Friday, January 17, 2014

Longing for Michigan Winters

Longing to play in the snow
Living in Virginia, I long for Michigan winters. The snow and ice shaped some of my best childhood memories. When I return now as an adult, I find peace among the frozen branches and snow-covered grounds of my youth.


The first snow was the best. I did not dislike later snows, but they never were as thrilling as the first blanket of unspoiled white powder.

If I hurried outside, my footsteps would be the first brushstrokes upon the blank canvas. Animals had not even walked this earth yet.

Each step brought the sense that I was blazing a trail for future explorers to follow. Looking back at my lonely footsteps confirmed my belief that I was the first one here. Others would come, but my footprints would announce that they were too late.

Perhaps they would pave over my path or create avenues that intersected with mine. They might build monuments and forts of snow to protect their land, but their foundations were weak and eventually would fall. Later snowfalls might cover my trail and theirs, but they would not take that moment away from me. I was first…forever.

A fresh blanket of Michigan snow


He stood upon a mountain of ice and snow. Challengers to the throne charged uphill, only to be thrown down, defeated. The people united to dethrone the despot. Surrounded and outnumbered, the once proud king, betrayed by his subjects, was tossed from his kingdom. He watched his enemies turn on themselves, until a new king arose.

The old king bided his time. He would reclaim his throne…unless the school bell rang.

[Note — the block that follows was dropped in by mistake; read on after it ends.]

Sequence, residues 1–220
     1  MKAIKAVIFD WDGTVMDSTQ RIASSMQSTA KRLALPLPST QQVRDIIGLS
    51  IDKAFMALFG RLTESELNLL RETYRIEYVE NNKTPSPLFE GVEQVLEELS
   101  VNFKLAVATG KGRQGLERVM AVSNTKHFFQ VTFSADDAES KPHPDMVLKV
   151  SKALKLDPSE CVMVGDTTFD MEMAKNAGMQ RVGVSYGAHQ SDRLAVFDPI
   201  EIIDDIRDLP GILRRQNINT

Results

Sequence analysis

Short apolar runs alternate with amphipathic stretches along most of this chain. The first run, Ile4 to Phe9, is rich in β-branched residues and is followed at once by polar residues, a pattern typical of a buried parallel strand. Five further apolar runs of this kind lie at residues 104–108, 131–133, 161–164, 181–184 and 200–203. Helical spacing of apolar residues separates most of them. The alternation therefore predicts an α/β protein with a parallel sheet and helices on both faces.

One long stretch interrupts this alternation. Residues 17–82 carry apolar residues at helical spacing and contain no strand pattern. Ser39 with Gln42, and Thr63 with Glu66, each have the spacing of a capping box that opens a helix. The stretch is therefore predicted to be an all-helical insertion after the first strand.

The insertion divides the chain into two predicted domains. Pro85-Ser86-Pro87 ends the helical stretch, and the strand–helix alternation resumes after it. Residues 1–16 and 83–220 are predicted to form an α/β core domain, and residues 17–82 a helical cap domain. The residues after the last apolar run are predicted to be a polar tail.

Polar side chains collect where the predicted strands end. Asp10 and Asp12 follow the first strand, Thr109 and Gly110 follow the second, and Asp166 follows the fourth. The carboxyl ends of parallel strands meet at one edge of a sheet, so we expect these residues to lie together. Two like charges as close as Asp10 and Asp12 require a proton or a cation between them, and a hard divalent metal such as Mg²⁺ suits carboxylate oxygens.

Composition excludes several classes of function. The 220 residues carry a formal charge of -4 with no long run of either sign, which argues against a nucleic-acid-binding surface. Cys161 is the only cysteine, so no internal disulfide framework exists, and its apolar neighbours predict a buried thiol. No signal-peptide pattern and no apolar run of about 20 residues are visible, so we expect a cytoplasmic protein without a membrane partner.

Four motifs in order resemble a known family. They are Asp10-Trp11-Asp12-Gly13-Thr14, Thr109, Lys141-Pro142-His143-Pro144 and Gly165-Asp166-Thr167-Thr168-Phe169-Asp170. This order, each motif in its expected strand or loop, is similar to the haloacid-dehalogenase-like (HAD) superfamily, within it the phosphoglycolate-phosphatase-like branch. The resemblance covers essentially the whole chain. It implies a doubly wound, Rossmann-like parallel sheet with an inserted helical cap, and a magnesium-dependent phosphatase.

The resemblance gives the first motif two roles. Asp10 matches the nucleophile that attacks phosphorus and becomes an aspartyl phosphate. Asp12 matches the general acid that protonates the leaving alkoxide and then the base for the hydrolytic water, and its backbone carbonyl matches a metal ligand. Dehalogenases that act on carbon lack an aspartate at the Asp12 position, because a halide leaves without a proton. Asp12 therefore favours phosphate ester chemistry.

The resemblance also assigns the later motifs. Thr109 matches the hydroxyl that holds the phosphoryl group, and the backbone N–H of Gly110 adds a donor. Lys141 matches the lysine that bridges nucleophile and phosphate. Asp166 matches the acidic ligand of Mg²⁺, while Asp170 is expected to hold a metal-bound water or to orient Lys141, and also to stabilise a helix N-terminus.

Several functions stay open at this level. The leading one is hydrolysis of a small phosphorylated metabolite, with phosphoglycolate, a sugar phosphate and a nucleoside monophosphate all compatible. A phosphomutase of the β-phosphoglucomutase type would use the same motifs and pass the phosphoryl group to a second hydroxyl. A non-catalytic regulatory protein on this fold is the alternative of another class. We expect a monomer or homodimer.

The local pond was Lake Placid. I darted left, then right, and lifted the puck over the goalie’s shoulder. USA! USA! USA!

The ruts dug into the hill by years of flowing water were now a bobsled run. I ran and dove into my wooden toboggan. Darting down the hill, weaving back and forth, gripping the sled fiercely, I sunk low to avoid the wind resistance. Crossing the finish line, I looked up. A new world record!


An adult now, I take her into the snow-covered woods near my parents’ home. Remembering my old tracks long gone, I unleash her and watch her bound and leap through the shoulder-high snow.

I lie down and bury my hand deep. I move it back and forth until she notices. She leaps high in the air and dives headfirst into the snow like an arctic fox hunting its prey.

She becomes the prey as I grab her snout. We wrestle in the snow…she is a puppy again. She would hunt and play on the frozen earth forever if I was not there to rescue her from her own ambition.

Eventually, we turn back home. I pour a cup of hot coffee, and she curls up on a pile of blankets…resting for her next adventure.

The arctic fox

I awake and look out upon the newly covered ground. The ice-covered limbs do not move, their lives crystallized and suspended. The brightest sun is the one that reflects off the frozen white sheet that nature left behind the night before. But in all its brightness, it cannot melt something so cold. Its beams merely bounce off in search of eyes to blind.

I hear no birds chirping and see no animals frolicking. Who am I to disturb such beauty? I will take a picture, but it will not capture the serenity of this moment. I put down the camera and grab a book. Wearing my warmest wool socks and covering myself with an afghan my grandma made, I lie down and read.

The dog is older now. She knows the snow will be there later. She curls up next to me and dreams…of what, I do not know.

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